Genetic testing for a long life

Genetic test for a long life

Genetic profiles for four of the study participants. Depending on which set of gene segments is considered, the (calculated) probability that a person belongs to the group of 100-year-olds changes. This is easy to understand: a gene variant that is more widespread among people who have grown very old than in the control group is better suited as a marker for a potentially long age. (Graphic: Boston University School of Public Health)

Researchers filter the three billion or so base pairs in humans to find out which gene segments are characteristic of a potentially long life

If you want to grow old, you should drive carefully, stop smoking and eat healthily – but no health nut can guarantee that a person will celebrate his or her hundredth birthday in a reasonably fit condition. This is due to the fact that old age is not only a question of personal lifestyle, but also depends on genetic predisposition.

Unfortunately, there is no such thing as the centenarian gene – rather, a whole series of innate characteristics must come together so that an individual is very likely to still see his great-great-grandchildren. For example, one should not be predisposed to cardiovascular risks by one’s parents – in general, it would be ideal if one’s own genome did not show any susceptibility to the typical diseases of old age. For it is not old age that kills us, but rather signs of physical failure that accumulate or fail to appear depending on predisposition and age.

However, a certain gene variant is not a priori evil – under certain circumstances (think of sickle cell anemia, a hereditary disease that can protect its carrier from malaria infections), an otherwise unfavorable modification turns out to be life-saving. Therefore, it is currently hopeless to analytically hunt for genes that are important for healthy aging. Nevertheless, in the current ie of the renowned science magazine Science U.S. researchers able to tell with 77 percent certainty whether a person belongs to the over-100s group by looking at 150 different gene segments.

Spam diagnosis in the genome

Their trick: the scientists did not even bother with the analysis of individual sections. Instead, they used statistical methods, such as those used in spam diagnosis. Spam mails are no longer classified according to the presence of "sex" or "penis" in the text – instead, Bayesian filters construct a probability model from the presence and absence of certain terms, which ultimately sorts a single message into the spam or ham box. In order to train a Bayesian filter in a somewhat useful way, it should be trained with a few hundred spam and ham mails – and this is exactly what the age researchers did.

For these purposes, 801 between 95 and 119 years old participants of the New England Centenarian Study provided useful data material as "Spam" and 926 control subjects as "Ham. The procedure was complicated somewhat because the "language" of the genome comprises considerably more words than our everyday language – the researchers referred to 295.000 gene segments (SNPs) into the statistical analysis.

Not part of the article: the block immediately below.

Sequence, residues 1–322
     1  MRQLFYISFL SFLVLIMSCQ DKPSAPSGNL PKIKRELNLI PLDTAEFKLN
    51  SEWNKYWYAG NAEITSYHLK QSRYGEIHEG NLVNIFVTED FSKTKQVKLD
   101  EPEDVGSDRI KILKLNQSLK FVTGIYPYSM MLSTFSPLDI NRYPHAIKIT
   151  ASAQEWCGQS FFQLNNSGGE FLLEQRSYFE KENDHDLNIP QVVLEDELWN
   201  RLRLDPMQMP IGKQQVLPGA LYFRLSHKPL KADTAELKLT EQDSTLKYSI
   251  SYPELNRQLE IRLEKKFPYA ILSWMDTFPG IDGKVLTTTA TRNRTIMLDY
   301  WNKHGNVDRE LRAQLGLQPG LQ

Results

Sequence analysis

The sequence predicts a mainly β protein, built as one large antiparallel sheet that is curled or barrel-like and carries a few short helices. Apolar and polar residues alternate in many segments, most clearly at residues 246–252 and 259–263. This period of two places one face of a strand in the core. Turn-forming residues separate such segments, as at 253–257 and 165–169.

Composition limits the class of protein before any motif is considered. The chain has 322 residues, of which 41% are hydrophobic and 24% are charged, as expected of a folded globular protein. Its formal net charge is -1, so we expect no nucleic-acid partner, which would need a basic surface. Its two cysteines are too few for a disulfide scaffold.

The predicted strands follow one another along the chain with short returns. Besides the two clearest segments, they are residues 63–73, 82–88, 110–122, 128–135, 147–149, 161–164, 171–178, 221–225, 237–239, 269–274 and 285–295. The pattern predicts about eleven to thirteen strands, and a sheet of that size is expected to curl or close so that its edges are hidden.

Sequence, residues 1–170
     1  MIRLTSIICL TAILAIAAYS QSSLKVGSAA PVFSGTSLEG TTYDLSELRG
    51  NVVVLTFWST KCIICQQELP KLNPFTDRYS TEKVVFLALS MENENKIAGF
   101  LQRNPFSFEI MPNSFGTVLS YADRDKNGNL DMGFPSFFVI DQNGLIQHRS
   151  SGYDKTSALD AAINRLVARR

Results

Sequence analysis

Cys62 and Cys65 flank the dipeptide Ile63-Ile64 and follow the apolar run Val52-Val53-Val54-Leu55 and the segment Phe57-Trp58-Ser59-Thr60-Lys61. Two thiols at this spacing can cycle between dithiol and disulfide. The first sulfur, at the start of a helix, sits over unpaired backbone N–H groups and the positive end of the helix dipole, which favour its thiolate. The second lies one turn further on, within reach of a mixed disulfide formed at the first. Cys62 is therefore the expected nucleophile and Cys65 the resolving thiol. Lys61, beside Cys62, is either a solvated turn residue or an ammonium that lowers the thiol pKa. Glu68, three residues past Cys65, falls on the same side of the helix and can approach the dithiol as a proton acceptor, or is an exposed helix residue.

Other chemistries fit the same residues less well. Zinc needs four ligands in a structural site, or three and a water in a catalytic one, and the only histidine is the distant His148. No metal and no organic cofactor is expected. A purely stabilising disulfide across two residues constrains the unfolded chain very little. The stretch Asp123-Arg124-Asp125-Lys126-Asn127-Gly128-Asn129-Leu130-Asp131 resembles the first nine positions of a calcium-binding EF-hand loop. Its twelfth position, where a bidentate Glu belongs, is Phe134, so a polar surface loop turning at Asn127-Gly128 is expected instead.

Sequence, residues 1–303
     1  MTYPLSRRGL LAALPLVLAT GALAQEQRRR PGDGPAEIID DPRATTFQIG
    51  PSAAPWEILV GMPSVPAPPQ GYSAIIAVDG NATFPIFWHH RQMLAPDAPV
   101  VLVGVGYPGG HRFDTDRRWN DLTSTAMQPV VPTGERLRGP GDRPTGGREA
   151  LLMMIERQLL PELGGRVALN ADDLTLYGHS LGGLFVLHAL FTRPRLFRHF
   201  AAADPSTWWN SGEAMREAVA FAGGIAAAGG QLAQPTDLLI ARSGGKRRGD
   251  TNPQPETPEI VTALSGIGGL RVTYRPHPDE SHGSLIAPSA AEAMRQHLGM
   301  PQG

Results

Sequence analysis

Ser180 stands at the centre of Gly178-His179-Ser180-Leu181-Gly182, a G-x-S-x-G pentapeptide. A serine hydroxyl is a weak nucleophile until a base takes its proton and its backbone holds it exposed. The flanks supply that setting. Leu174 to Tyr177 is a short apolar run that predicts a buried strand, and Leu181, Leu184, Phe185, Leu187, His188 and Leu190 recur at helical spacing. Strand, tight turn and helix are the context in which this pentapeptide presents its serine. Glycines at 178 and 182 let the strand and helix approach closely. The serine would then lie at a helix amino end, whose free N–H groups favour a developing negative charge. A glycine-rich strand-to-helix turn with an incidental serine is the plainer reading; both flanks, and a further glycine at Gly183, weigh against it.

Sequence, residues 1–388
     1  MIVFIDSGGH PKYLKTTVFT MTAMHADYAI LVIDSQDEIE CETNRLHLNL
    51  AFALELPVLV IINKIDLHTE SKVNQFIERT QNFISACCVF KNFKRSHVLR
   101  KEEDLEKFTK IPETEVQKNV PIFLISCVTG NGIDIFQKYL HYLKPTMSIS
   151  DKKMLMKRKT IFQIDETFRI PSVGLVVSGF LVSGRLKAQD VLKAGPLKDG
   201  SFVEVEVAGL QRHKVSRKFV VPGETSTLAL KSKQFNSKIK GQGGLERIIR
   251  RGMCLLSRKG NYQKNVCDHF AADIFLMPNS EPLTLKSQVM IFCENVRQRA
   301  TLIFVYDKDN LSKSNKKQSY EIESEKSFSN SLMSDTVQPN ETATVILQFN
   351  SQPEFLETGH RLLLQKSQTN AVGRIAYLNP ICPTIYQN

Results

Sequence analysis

No rare trait at all

It turned out that a selection of about 150 specific SNPs is sufficient for a fairly reliable assignment; the addition of further sections does not improve the significance of the results. Genetic material comes from very different regions. Only 77 of the SNPs are found in genes whose function is already known. This means that a given genome can be predicted with 77 percent certainty to have at least the potential to live to a ripe old age.

Genetic test for a long life

In a second step, the researchers sorted the 100-year-olds into 19 different groups that differed significantly in terms of the signs of old age they had to contend with, such as dementia or high blood prere, for example. The hope: With such a profile, people could perhaps be shown an individually tailored path to old age in the future. (Graphic: Boston University School of Public Health)

In fact, this is not such a rare trait: A comparison of these specific segments with several hundred randomly selected individuals from another database showed that 15 percent of the test persons have at least a genetic chance of reaching an unusually high age of more than 50 percent.

But the researchers were able to show another interesting perspective: The nearly 1000 over-100-year-olds love statistically divided into 19 clusters, each of which could represent different paths to old age. In the future, the scientists hope to be able to derive personalized recommendations on how a subject can most safely realize his or her potential for a long life.

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